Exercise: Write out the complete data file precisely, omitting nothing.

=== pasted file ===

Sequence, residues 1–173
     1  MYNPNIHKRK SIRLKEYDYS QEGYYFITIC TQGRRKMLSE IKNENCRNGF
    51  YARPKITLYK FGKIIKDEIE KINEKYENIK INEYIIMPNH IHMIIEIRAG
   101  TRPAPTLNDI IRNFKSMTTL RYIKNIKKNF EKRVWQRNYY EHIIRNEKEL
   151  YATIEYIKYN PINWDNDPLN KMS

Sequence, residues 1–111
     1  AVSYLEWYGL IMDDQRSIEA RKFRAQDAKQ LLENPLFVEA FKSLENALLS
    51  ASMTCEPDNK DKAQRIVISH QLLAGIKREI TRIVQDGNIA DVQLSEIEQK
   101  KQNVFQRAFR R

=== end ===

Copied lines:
Sequence, residues 1–173
     1  MYNPNIHKRK SIRLKEYDYS QEGYYFITIC TQGRRKMLSE IKNENCRNGF
    51  YARPKITLYK FGKIIKDEIE KINEKYENIK INEYIIMPNH IHMIIEIRAG
   101  TRPAPTLNDI IRNFKSMTTL RYIKNIKKNF EKRVWQRNYY EHIIRNEKEL
   151  YATIEYIKYN PINWDNDPLN KMS

Sequence, residues 1–111
     1  AVSYLEWYGL IMDDQRSIEA RKFRAQDAKQ LLENPLFVEA FKSLENALLS
    51  ASMTCEPDNK DKAQRIVISH QLLAGIKREI TRIVQDGNIA DVQLSEIEQK
   101  KQNVFQRAFR R